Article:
3. In response to these contentions, learned Government Advocate submits that a show cause notice was issued subsequently to the petitioner on 26.12.2023. She also submits that even prior to receipt of such show cause notice, the petitioner submitted an explanation on 20.12.2023. Therefore, she contends that no prejudice was caused to the petitioner and that the response of the petitioner is under consideration. Besides, she contends that if the petitioner is permitted to utilize the ITC, at this juncture, revenue would be put to

4. The matter hinges on Rule 86A of the TNGST Rules. The said Rule is set out below:

86A. Conditions of use of amount available in electronic credit ledger

(1) The Commissioner or an officer authorised by him in this behalf, not below the rank of an Assistant Commissioner, having reasons to believe that credit of input tax available in the electronic credit ledger has been fraudulently availed or is ineligible inasmuch as‑

(a) the credit of input tax has been availed on the strength of tax invoices or debit notes or any other document prescribed under rule 36-

(i) issued by a registered person who has been found non-existent or not to be conducting any business from any place for which registration has been obtained; or

(ii) without receipt of goods or services or both; or

(b) the credit of input tax has been availed on the strength of tax invoices or debit notes or any other document prescribed under rule 36 in respect of any supply, the tax charged in respect of which has not been paid to the Government; or

(c) the registered person availing the credit of input tax has been found non-existent or not to be conducting any business from any place for which registration has been obtained; or

(d) the registered person availing any credit of input tax is not in possession of a tax invoice or debit note or any other documents prescribed under rule 36, may, for reasons to be recorded in writing, not allow debit of an amount equivalent to such credit in electronic credit ledger for discharge of any liability under section 49 or for claim of any refund of any unutilised amount.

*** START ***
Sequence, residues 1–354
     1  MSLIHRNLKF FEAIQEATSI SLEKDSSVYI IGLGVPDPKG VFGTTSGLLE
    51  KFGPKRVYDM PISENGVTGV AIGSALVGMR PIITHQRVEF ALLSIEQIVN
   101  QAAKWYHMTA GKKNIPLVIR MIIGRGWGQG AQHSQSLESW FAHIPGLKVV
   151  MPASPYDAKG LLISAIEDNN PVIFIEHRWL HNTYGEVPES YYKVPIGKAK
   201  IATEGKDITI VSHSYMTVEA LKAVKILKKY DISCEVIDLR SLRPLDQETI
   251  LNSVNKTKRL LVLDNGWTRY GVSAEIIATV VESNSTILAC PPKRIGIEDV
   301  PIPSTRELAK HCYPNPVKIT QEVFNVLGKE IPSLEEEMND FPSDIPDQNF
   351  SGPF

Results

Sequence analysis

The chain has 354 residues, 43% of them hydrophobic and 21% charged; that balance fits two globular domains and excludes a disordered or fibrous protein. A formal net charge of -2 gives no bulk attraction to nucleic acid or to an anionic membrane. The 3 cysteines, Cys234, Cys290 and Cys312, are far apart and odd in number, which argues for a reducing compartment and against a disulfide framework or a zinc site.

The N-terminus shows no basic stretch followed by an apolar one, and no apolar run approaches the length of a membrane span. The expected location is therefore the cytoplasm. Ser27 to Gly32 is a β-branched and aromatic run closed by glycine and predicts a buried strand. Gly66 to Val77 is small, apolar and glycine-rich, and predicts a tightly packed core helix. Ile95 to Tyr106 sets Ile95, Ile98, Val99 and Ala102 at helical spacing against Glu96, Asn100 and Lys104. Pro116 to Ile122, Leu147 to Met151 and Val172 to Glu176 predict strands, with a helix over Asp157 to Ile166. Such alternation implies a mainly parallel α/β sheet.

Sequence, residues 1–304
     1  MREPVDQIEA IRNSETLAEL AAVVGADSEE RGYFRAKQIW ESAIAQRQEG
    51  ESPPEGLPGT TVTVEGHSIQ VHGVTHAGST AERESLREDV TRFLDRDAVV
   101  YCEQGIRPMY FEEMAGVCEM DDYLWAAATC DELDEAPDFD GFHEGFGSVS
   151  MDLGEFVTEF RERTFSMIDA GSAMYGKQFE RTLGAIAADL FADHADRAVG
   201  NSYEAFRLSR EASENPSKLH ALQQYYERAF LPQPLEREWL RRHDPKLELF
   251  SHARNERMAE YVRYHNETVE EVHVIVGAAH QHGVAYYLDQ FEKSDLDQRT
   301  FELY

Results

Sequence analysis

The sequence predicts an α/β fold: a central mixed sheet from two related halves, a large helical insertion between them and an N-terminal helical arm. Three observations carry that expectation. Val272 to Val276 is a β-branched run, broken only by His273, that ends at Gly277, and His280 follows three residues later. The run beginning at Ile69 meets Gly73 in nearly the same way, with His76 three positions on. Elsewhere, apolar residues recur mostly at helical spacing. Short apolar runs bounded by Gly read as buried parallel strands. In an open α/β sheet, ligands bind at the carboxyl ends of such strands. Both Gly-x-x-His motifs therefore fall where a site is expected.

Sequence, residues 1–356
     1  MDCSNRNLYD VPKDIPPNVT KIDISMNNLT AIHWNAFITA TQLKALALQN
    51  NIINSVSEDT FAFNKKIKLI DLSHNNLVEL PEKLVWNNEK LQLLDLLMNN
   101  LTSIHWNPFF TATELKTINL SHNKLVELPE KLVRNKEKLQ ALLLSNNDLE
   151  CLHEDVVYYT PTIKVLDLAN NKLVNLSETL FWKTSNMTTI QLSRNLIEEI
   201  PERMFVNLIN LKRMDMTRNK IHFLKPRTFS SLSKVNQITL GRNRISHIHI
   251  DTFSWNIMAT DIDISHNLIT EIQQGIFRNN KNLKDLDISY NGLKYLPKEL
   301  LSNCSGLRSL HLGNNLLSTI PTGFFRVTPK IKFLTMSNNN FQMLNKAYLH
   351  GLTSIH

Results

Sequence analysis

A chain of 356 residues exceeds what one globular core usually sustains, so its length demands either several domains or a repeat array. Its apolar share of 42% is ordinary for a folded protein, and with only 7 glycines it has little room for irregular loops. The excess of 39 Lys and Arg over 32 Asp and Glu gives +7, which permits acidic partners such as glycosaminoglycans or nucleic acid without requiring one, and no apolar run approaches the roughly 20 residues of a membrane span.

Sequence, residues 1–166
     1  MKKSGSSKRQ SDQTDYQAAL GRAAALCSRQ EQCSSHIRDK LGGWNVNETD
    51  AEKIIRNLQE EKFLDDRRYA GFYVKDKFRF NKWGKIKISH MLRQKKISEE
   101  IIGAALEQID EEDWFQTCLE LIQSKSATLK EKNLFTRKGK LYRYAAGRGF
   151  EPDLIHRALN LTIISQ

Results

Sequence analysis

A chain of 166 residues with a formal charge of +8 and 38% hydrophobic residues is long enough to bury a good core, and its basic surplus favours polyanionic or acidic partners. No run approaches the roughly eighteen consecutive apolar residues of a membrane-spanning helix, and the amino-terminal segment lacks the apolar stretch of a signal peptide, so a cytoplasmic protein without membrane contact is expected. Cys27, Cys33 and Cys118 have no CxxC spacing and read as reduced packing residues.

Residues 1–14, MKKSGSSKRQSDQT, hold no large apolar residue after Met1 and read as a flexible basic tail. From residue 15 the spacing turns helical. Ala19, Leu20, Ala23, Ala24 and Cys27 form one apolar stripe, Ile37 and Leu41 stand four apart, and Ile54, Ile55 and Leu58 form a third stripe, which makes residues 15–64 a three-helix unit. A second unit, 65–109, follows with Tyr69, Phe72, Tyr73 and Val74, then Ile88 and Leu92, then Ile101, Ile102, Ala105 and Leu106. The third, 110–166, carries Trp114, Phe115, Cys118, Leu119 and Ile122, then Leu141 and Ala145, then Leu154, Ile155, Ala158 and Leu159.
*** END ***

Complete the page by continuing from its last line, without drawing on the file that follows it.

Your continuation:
(2) The Commissioner, or the officer authorised by him under sub-rule (1) may, upon being satisfied that conditions for disallowing debit of electronic credit ledger as above, no longer exist, allow such debit.

(3) Such restriction shall cease to have effect after the expiry of a period of one year from the date of imposing such restriction.”

5. The power under Rule 86A may be exercised by any of the persons specified in sub-rule (1) thereof if such person has reasons to believe that the ITC available in the electronic credit ledger was fraudulently availed or that the registered person was not eligible for such credit. The text of Rule 86A indicates two requirements: the objective satisfaction of the officer concerned and the communication of reasons for so believing in writing to the assessee concerned. While Rule 86A does not stipulate a prior notice, the language thereof and the nature of power exercised by resort thereto require the contemporaneous communication of reasons in writing to the assessee. In the case at hand, apart from mentioning the name of the supplier in the electronic credit ledger, no reasons were provided. Therefore, the petitioner is entitled to the unblocking of ITC.

6. Hence, W.P.No.1387 of 2024 is disposed of by directing the first respondent to take necessary action to remove the block on the ITC in the electronic credit ledger pertaining to the assessee. It is, however, open to the respondents to initiate de novo action under Rule 86A by complying with the terms thereof. There shall be no order as to costs.